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Met Council votes to increase transit fares by 25 cents. Why now?

So why did the Council step up and make a reasonable rate increase now? Answer: They are flying out to DC to lobby Congress and the FTA/DOT on a regular basis trying to secure full funding grants for LRT expansion: Southwest LRT and Bottineau. But the Met Council, and its friends on the Hennepin and Ramsey County boards (Peter McLaughlin, et. al.) have NOT secured federal funding. ...

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Hear Denisha Merriweather’s Story: Why school choice is still the best answer to Minnesota’s achievement gap

Meet Denisha Merriweather from Jacksonville, Florida. She failed third grade twice, and got into all kinds of trouble. But she caught a break: she moved in with her Godmother who found a school that figured out how to reach her. Denisha says School Choice saved her life. Why don’t Minnesota kids have the same opportunity as Florida kids? ...

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Governor Dayton’s Attempt to De-Fund the GOP Legislature: Troubling Tactics, Apocalyptic Prose and Fake Federalism

The governor of Minnesota has attempted to de-fund the state legislature, an equal branch of the government. Like a critical parent, Dayton dressed down GOP leaders in a dramatic letter, punctuated with emotional, apocalyptic language. ...

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Will Governor Dayton Sign or Veto Omnibus Bills Today?

The special legislative session wrapped up before dawn last Friday with a flurry of bills on their way to Gov. Dayton; K-12 Education, Transportation, Health and Human Services, Taxes, among others. Gov. Dayton, negotiating hard, got a lot of what he asked for from the Legislature. If he vetoes the Omnibus bills, he will be vetoing his own credibility, such as it is. ...

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Legislature’s Special Session Wrap-Up: Estate Tax, Healthcare & More

As I mentioned in my previous post, the Legislature ended its special session early Friday morning. Here's the rest of what was decided. Minnesotans On the Move How to keep Minnesotans from exiting the state for good, or severing all financial ties with the state after establishing residency elsewhere? Estate tax: The death tax was not repealed but the threshold will be gradually increased from the current $1.8 million to $3 million by 2020. The federal level is $5.49 million per person. Dayton's Department of Revenue has gained a reputation for being aggressive with Minnesotans who declare residency elsewhere (the state tries to claw them...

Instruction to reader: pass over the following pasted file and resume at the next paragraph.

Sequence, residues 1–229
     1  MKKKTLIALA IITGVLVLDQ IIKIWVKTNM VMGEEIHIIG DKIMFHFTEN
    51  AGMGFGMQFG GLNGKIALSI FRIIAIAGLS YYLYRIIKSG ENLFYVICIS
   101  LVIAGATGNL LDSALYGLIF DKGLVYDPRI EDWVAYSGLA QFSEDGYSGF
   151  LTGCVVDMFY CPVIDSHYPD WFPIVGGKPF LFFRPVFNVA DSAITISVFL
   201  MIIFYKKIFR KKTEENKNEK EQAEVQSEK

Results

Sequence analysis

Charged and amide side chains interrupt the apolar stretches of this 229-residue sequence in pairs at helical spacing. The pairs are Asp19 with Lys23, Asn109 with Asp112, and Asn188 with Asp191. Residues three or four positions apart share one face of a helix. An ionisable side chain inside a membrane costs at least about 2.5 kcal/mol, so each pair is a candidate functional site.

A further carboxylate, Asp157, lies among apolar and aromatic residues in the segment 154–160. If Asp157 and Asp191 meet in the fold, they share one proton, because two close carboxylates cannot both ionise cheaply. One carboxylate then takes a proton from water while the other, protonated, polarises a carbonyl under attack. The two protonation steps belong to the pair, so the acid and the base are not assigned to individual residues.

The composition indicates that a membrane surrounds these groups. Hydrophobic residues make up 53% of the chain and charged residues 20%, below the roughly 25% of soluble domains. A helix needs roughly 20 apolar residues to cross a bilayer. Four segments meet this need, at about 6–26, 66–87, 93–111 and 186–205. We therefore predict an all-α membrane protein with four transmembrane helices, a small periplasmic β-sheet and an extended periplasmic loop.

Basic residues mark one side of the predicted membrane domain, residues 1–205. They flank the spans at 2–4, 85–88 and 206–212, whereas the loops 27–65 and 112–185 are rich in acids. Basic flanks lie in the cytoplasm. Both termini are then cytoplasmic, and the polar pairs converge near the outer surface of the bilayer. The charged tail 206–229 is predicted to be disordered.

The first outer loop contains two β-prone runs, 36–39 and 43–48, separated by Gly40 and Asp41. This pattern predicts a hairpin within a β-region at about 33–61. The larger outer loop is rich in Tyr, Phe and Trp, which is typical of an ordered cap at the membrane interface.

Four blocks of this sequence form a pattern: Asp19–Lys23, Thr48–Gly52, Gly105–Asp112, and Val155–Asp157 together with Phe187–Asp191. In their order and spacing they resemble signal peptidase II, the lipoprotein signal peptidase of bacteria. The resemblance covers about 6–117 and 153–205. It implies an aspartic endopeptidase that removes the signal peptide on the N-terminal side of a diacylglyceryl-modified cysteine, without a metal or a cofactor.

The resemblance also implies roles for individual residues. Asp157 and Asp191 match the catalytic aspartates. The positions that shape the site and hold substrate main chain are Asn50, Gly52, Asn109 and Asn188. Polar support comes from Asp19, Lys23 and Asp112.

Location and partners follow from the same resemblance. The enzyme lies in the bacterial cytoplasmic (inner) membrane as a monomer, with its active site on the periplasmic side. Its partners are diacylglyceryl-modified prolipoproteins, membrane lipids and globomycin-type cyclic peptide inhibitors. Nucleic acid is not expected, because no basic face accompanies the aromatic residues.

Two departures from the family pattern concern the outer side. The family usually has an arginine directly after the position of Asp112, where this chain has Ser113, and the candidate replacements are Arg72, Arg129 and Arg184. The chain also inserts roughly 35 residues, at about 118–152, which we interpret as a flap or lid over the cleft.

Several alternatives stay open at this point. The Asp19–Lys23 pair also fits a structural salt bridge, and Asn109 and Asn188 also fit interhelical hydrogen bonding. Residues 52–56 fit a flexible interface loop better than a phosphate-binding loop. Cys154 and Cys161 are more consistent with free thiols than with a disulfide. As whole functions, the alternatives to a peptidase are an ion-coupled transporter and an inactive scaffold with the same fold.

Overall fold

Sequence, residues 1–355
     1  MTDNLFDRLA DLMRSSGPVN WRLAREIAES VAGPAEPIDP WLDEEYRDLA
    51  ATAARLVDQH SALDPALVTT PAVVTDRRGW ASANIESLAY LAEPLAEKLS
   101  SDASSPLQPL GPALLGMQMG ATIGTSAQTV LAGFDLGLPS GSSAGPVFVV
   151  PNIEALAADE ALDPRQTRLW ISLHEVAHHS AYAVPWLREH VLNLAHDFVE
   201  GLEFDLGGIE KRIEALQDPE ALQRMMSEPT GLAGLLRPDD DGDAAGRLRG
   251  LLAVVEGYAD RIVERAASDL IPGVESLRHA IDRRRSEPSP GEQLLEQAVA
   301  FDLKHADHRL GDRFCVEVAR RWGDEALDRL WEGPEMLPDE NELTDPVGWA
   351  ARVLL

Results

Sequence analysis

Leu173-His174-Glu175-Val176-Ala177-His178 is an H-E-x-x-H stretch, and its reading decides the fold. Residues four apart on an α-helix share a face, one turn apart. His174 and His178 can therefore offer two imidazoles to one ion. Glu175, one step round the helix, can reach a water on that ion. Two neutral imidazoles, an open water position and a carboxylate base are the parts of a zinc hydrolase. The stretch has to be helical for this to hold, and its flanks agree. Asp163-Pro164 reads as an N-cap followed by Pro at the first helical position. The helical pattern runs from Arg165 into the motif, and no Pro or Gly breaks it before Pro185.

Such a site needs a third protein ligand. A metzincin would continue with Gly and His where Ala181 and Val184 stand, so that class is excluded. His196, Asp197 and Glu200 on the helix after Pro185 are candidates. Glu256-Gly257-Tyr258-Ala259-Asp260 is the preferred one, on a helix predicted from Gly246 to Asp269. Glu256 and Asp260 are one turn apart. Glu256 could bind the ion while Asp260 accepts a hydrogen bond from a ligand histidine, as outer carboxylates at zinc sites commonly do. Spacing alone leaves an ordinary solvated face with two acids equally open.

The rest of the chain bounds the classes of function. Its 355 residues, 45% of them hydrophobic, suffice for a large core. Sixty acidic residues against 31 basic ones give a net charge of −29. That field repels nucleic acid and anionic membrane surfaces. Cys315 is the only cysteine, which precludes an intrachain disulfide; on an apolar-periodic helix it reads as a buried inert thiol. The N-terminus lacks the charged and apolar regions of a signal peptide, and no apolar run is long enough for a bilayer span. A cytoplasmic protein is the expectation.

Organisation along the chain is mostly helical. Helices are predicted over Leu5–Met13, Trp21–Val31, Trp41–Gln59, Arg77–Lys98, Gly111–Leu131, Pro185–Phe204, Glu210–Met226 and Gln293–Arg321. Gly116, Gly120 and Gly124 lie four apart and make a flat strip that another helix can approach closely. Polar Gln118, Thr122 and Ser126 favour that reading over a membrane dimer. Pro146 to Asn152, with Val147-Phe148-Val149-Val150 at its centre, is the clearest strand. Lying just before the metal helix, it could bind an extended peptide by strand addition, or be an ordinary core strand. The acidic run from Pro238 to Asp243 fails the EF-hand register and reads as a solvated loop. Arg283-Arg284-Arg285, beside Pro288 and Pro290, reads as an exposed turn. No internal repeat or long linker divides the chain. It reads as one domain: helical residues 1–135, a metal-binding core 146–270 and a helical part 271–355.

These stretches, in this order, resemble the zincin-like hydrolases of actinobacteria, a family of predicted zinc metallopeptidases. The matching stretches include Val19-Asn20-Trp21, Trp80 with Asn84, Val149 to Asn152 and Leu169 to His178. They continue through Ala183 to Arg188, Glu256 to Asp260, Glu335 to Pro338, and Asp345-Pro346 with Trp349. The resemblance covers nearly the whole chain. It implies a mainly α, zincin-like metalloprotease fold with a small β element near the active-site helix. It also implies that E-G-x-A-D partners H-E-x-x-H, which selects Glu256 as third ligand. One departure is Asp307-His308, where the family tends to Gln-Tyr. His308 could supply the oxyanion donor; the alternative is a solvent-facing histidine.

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Legislature Ends Special Session: News on Transportation, Met Council & Education

The Legislature concluded the special session early Friday morning, sending a flurry of budget bills to Governor Dayton. Roads and bridges will get $2 billion over 10 years in existing revenue from automotive-related taxes (so taxes are not raised) plus about a billion in new bonding. This was the big goal. The K-12 bill increases spending by $483 million in addition to $800 million in automatic increases, for a total budget of $18.75 billion (a 3.5% increase). ...

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K-12 Education Omnibus & Educator Licensing Bills: VETOED

Spending on K-12 education was due to increase automatically by about $800 million next biennium; the GOP bill increased spending by an additional $300 million (to $1.1 billion) bringing the K-12 budget for the next biennium to a whopping $18.58 billion. But it wasn’t enough. Dayton vetoed the bill. The House and Senate also passed a bill to overhaul Minnesota’s overly confusing and complex teacher licensing system. Despite passing both chambers with bipartisan support, the governor vetoed this proposal, as well....

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Transportation Omnibus Bill: VETOED

There is a lot to like in terms of spending for roads, airports and freight. In fact, it follows and improves on the Center’s 2015 Policy Blueprint. The bill includes bonding and eliminates funding for passenger rail. Here’s the big concession: metro counties are given the power to raise the local transit sales tax to half a cent to pay for building and operating transit without a referendum. ...

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$800 million bonding bill rejected by House as too small

Here is Rep. Dean Urdahl: “It is a little bit disconcerting to me to realize that there are members here who are prepared to vote against projects that are vital to their district,” he said. “I implore you to consider what you’re doing and why. We can’t say that we voted ‘no’ on local projects because $800 million isn’t enough money.”...

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